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A.B. Purdom  Home

Somehow during the design and layout of Stickley's Craftsman Homes this commision home was left out.

The A. B. Purdom home is an excellent example of how Stickley’s design process worked when a client commissioned a home. The prelimiary blueprints below, from the Avery Architectural Library at Columbia University, show the home as conceived by the Craftsman Architects and mailed to the client. Purdom returned the plans to Stickley with desired changes marked in red crayon, and with a photo of a house he liked torn from a newspaper stapled to the blueprint.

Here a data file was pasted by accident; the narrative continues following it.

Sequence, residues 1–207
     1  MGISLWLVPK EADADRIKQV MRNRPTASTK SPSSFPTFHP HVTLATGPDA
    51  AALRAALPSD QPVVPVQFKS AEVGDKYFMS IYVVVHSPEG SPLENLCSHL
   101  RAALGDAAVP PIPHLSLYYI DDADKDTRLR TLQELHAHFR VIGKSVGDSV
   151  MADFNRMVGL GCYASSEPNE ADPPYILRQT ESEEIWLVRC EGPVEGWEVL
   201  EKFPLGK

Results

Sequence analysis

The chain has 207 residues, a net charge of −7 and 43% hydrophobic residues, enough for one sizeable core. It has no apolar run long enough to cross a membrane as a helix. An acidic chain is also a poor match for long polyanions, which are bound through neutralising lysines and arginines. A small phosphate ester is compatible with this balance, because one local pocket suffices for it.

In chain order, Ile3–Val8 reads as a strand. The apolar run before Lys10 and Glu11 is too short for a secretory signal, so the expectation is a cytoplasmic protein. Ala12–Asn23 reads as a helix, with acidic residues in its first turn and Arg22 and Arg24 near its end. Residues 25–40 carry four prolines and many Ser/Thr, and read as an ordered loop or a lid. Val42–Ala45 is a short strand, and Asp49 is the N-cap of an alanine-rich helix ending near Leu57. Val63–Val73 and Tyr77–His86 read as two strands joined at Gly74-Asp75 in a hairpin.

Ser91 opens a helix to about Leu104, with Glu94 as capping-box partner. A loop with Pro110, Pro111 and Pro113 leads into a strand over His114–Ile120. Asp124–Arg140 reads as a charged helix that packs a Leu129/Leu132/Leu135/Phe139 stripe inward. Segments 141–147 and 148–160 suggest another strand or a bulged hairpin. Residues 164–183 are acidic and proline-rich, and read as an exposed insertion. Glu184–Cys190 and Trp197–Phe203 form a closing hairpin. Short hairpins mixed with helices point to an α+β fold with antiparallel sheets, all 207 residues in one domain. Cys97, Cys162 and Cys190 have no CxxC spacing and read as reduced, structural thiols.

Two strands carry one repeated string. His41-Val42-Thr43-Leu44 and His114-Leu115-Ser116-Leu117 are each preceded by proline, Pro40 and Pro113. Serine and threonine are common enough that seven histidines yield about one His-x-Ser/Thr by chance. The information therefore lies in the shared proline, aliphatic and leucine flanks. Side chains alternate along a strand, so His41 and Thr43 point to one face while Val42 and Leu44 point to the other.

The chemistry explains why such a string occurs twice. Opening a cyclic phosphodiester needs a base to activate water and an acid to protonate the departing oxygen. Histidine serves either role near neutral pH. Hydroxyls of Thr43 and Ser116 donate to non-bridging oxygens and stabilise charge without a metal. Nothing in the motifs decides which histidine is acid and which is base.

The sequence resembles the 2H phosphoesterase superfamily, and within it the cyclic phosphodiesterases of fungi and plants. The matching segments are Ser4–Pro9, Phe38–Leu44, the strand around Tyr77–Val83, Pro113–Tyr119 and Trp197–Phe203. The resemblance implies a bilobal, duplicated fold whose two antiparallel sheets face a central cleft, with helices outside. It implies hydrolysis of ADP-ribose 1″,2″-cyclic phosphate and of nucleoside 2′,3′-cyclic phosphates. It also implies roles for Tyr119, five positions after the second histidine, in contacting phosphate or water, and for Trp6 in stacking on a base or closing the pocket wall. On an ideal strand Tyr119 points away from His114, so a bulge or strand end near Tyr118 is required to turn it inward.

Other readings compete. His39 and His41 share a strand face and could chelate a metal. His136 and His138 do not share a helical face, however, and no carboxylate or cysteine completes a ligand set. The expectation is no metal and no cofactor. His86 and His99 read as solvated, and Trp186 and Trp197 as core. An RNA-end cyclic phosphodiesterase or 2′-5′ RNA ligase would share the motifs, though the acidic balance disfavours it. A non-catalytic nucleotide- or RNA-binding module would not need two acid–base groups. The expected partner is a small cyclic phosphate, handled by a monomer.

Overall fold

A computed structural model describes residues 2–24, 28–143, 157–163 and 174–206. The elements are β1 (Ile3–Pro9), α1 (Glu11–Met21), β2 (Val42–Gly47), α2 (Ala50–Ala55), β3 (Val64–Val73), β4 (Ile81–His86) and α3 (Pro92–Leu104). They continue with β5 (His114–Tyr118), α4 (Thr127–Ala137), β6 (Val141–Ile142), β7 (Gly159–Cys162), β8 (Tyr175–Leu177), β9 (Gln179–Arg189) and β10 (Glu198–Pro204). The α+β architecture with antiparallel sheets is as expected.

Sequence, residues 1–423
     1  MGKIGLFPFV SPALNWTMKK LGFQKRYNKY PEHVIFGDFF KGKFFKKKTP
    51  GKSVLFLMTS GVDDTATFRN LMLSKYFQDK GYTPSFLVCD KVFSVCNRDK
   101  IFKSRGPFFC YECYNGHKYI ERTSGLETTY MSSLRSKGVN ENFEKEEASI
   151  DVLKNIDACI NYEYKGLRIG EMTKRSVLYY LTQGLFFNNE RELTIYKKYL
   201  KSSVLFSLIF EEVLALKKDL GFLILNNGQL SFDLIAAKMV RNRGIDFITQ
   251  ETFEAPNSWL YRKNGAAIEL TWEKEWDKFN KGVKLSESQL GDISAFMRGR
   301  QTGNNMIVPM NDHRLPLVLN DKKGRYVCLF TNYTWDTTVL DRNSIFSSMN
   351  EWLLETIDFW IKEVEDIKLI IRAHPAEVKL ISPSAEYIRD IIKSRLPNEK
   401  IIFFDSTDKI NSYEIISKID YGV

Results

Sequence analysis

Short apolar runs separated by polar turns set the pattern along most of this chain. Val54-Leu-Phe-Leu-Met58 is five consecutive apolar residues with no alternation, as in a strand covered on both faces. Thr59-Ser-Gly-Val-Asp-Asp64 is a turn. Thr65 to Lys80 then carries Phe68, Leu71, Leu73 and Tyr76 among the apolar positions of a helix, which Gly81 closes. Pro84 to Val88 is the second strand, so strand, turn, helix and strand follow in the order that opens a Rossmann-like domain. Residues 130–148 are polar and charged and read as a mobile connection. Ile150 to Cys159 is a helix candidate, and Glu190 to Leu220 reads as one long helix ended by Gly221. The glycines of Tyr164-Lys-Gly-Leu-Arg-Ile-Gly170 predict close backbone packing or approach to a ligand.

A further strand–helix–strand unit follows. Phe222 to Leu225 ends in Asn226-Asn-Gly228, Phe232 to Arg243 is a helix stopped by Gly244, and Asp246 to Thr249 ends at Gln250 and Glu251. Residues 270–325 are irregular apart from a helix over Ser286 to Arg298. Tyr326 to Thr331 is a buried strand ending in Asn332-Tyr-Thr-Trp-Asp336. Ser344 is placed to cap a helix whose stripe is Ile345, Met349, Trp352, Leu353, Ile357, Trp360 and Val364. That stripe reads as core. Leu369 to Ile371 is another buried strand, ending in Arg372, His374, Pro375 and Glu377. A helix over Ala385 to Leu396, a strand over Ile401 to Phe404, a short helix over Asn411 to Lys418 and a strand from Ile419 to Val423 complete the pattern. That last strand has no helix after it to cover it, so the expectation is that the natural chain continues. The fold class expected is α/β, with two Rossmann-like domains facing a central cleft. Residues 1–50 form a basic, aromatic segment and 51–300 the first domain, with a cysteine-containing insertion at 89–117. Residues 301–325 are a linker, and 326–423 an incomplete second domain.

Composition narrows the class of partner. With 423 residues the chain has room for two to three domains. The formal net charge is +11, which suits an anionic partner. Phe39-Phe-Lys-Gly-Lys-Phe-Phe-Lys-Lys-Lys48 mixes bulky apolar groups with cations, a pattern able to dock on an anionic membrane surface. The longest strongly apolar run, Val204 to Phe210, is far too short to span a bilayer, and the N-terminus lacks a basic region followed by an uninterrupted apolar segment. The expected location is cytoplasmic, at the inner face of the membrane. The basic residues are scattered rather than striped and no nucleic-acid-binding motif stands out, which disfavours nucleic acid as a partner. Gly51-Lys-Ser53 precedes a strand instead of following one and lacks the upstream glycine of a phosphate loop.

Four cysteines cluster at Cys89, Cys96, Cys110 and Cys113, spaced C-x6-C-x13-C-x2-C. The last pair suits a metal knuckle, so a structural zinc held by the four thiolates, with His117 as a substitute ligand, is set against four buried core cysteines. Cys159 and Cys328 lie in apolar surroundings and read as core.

The firm then returned drawings incorporating the changes requested.

The house was built, but burned down in the 1960s.


Above, the blueprints sent to Mr. Purdom were returned to Stickley with modifications done in red crayon.


Keeping in the basic Craftsman style, the plans were modified to Purdom’s wishes...the extra windows were added to the dormer, although it remained a “shed roof” style, the pergolla added and the side porch removed.


The interior changes were all made, including the pocket doors between the living room and the staircase hall. Stickley normally never offered pocket doors in his designs, and the open post and panel separation of the living room and hall--open floor plan--was done away with.


It appears that the bathroom on the second floor was forgotten when the new plans were done....


....but another labeled “Attic Plan” was sent correcting the mistake.

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